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In all honesty I have deleted this post about 5 times. I am worried it’s going to come off nasty and it’s not how I intend it to be. It’s more of a educational post on how to see it from the other side of life. Too many people are guilty of snap judgement in this world, myself included, but I have found if you stop to educate yourself you open up a whole world of understanding.
Anyone who has an invisible illness deals with it. Some people are just uneducated in a particular illness, aren’t empathetic by nature and then there are people that just don’t care. Here’s a list of invisible illnesses. There are a lot. I have a few of them. The only one I have that you can see is my psoriasis from psoriatic arthritis.
It’s a hard thing to navigate. There are days where you tolerate the judgement. There are other days where you just want to break down and cry. Chronic pain, anxiety and panic, food allergies (I am severely allergic to black pepper, yes it’s a thing) – these are all too real. I have all of them. It’s really hard for people to wrap their head around it.
You’re stealing from REAL disabled people.
The worst instances I have be subjected to the severe judgement chronic illness sufferers deal with daily have been in dressing rooms and bathrooms. In bathroom I was yelled at on a day that I probably shouldn’t have been out of the house, but had to get out. I had been in a flare for about two weeks and was stir crazy. My husband took me to the movies. It’s non- stress, for the most part, on my body and entertaining. I unfortunately had to go to the bathroom and our movie theater has two handicap bathroom stalls so I felt ok using one. Sometimes I will just suck it up and deal with the pain if I think a person with a walker or wheelchair might need it. I did my business and walked out of the stall right into a lady yelling at me. She didn’t “look ill” either just older but that didn’t stop her from going up one side of me and down the other about stealing things from disabled people. Instead of getting into it with her I just pointed out the other bathroom. That didn’t satisfy her and she told me I don’t deserve to use that one either. I left that day from the movie theater and didn’t go back out unless it was to bring my kids to activities for two months. The other incident is pretty similar except that I had brought my daughter dress shopping for her first homecoming and was in so much pain from walking around a large mall that by the time we got to the last store I had to sit. The store had a changing room that had a seat in it. We used the room and were pretty quick about it, but it wasn’t fast enough for some lady (I am not sure what was wrong with her or why she needed the room) and she yelled at us. Mind you my daughter was supporting my weight when we walked out of the dressing room so my illness wasn’t so invisible then and there was a chair that she could’ve sat in to wait for us. I was a younger person than her and that’s all she cared about. It embarrassed and angered my daughter. It kills me that my stupid body puts my family in that position.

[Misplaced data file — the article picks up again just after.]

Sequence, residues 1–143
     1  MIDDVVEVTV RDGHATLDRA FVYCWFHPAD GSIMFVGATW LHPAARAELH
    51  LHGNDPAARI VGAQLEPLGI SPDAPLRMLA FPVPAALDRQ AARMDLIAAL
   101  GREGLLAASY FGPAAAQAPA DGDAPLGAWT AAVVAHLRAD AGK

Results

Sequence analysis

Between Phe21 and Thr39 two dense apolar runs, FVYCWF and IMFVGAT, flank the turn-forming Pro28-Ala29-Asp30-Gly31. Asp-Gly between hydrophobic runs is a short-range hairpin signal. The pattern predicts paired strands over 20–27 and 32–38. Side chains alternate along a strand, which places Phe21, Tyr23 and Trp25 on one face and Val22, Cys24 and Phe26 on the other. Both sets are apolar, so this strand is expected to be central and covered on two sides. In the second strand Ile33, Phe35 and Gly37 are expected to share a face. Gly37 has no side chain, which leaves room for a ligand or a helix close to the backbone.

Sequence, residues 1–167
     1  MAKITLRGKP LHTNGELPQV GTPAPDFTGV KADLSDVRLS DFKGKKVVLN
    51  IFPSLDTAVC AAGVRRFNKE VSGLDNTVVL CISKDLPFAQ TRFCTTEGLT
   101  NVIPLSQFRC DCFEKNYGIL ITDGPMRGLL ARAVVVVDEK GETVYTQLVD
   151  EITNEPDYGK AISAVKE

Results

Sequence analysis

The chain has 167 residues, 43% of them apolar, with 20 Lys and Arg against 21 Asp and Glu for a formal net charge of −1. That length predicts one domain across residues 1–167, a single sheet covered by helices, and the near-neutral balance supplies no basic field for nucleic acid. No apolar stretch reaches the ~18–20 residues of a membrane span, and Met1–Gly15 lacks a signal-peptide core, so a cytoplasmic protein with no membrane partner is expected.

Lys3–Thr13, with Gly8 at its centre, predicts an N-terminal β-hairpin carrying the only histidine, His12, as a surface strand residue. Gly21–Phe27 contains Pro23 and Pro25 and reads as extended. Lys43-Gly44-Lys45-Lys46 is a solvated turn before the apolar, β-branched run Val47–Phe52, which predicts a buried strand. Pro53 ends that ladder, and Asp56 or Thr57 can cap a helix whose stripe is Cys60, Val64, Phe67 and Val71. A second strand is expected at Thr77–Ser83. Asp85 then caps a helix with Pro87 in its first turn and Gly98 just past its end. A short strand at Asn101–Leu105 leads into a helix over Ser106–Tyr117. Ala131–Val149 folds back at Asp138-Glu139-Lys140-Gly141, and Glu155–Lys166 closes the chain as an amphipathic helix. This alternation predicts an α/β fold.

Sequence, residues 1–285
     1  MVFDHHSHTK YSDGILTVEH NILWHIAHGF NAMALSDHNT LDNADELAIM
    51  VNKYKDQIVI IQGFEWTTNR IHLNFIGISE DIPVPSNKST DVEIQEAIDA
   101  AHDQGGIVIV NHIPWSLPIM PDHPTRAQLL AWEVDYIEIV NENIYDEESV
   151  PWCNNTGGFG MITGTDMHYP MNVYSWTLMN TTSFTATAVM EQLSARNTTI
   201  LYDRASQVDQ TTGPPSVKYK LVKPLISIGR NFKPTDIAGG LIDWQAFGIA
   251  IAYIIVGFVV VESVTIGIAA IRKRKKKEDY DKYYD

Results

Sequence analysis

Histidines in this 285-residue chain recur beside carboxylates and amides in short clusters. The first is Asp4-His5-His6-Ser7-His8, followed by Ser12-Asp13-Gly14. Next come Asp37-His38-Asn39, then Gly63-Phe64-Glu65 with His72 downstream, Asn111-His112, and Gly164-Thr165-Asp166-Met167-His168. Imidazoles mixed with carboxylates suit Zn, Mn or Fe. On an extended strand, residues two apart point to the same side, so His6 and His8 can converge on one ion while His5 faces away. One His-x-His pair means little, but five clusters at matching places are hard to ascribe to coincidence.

Why won’t you help yourself?
I have been told to suck it up, shake it off, eat better, exercise, get more sleep or that I am depressed….just do something to make me happy. I have been told I am young, that I will know real pain when I am older. Seriously?? If the pain gets worse when I am older my husband might have to hospitalize me, I will go nuts. I am already a 39 year old trapped in a 80 year old body. Most people that truly know me know that if any of those things would truly “cure” me I would be doing them 24/7. I have never been without fatigue, I suffered severely from it and migraines when I was younger, but damn, what I wouldn’t do to have the energy I had at 20. I am getting back a little of it because my rheumo doctor found a anti-inflammatory that works so I am dropping weight fast. That has helped. I am doing it. Not for others though. For my kids and my future.
Like I said, there are days that you just chalk it up to the person having a bad day or not understanding. But when it comes from family members or friends, it hurts more. Sometimes you forget how mysterious it is. You live it everyday. At the same time keep in mind that behind that “invisible illness” is a real person.
My fear is that this post will be seen as a massive whine or bashing of people. It’s really not. My illness has done some pretty awesome things. I am stronger, more empathetic. I have met some pretty kick ass people because of it. I started my business so I can work at home – which lets me spend time with my kids or crawl into bed on bad days. Just remember that a comment you say in passing, that you think may be harmless or because of your bad day….could really do some damage to another person’s world.